Newark, NJ - A ceremony to commemorate the 50th anniversary of the assassination of Dr. Martin Luther King, Jr. was hosted on Wednesday by Essex County Executive Joseph DiVincenzo, Jr., where a host of elected officials, community leaders and students gathered to pay tribute to the civil rights leader who was gunned down on April 4, 1968, outside of the Lorraine Motel in Memphis, Tennessee. 

"Dr. King was one of our nation's greatest leaders and one of his last public appearances was his visit to Newark, just a week before he was taken from us," DiVincenzo said. "His message of hope, peace and equality has resonated throughout the decades and inspired generations - and is just as poignant and relevant today as it was in 1968. Remembering his contributions and laying a wreath at the Dr. Martin Luther King, Jr. Statue in front of the Essex County Hall of Records is a fitting tribute to an individual whose guidance and foresight impacted our nation."

"Dr. King taught us that our fight for justice has to be stronger than our enemies' anger," Newark Mayor Ras Baraka said. "Today we are commemorating his assassination, but we are also celebrating the sacrifice he made for all of us." 

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Deputy Chief of Staff William Payne talked about the various times he met King when the minister visited Newark.

"I saw him at an event at Abyssinian Church in Newark and said 'I'll see you next time' as he was leaving," Payne said. "The next time I saw him was at his funeral. Dr. King's legacy needs to be known and understood by everyone, because we all have an obligation to continue his work."

Larry Hamm, President of the Peoples Organization for Progress, expressed pride at being a resident of Essex County because of the MLK statue in the county complex.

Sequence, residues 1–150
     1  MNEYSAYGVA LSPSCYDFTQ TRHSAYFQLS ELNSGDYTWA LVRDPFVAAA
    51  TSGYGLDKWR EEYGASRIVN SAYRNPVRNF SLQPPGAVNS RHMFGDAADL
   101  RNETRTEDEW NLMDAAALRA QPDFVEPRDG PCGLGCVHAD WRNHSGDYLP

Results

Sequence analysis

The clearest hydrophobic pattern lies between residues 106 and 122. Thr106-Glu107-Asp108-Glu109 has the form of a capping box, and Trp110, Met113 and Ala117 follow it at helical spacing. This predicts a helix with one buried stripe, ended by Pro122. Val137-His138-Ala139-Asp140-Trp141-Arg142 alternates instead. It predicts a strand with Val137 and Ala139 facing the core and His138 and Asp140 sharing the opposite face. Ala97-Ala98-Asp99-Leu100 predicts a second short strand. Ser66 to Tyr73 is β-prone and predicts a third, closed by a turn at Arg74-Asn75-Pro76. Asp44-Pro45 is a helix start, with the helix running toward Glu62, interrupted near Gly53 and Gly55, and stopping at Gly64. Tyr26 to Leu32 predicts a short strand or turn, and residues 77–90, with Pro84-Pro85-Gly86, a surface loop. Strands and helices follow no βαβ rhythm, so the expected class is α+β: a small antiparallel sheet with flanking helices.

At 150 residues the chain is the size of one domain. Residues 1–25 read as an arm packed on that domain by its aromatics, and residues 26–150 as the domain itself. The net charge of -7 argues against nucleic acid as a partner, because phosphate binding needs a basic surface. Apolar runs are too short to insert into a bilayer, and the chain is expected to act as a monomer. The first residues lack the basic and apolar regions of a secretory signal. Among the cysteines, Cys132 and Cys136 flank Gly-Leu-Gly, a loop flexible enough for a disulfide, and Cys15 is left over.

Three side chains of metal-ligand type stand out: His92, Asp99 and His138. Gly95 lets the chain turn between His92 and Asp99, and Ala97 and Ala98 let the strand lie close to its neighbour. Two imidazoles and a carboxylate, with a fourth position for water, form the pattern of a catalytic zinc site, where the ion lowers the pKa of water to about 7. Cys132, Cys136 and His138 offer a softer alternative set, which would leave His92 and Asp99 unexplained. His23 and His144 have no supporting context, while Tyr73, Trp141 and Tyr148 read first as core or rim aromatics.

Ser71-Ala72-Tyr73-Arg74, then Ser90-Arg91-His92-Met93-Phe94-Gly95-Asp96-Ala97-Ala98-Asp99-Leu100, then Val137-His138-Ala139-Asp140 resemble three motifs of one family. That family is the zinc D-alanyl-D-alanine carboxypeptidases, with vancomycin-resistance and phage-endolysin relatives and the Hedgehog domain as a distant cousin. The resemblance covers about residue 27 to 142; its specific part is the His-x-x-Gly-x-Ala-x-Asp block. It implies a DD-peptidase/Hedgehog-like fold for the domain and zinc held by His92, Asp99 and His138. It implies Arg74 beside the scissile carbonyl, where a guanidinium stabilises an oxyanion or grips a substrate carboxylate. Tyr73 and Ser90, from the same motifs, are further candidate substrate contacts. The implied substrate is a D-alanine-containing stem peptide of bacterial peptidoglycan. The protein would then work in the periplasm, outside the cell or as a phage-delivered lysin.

"I thank Dr. King for challenging the structure of our society and speaking about eradicating poverty, racism and war," Hamm said. "I am proud because Essex County is the only place where there are larger than life-sized statues of Dr. King and Rosa Parks."

The Essex County Dr. Martin Luther King, Jr. Statue was dedicated in October 2015.

Students shared their thoughts on King's legacy.

"Dr. King has taught me to be a dreamer, an activist, and to dare to be someone who thinks outside the box," Newark Tech senior Abbey Lawrence said. "While there are still great strides to be made in our country regarding race relations, I believe his message for my generation should transcend to other areas, including gender equality, religious tolerance, LGBT advocacy, immigration, and gun control. Collectively, we seek to create a world where man or woman, regardless of race, religion or sexual orientation, can be viewed and respected as an equal."

Newark Tech senior Shania Langford noted King's vision and sacrifices.

"It is essential that we finish where he left off," she said. "Dr. Martin Luther King Jr.'s motive was and still is to grow with love, encourage with love, and persist with love."

King, a Baptist minister and activist who became the primary leader in the civil rights movement from 1954 through 1968, advanced civil rights through nonviolence and civil disobedience.

King led a number of boycotts and protests and helped organize the 1963 March on Washington, where he delivered his "I Have a Dream" speech.

King later won the Nobel Peace Prize in 1964 for his efforts in fighting racial inequality through nonviolent resistance.

King was posthumously awarded the Presidential Medal of Freedom and the Congressional Gold Medal.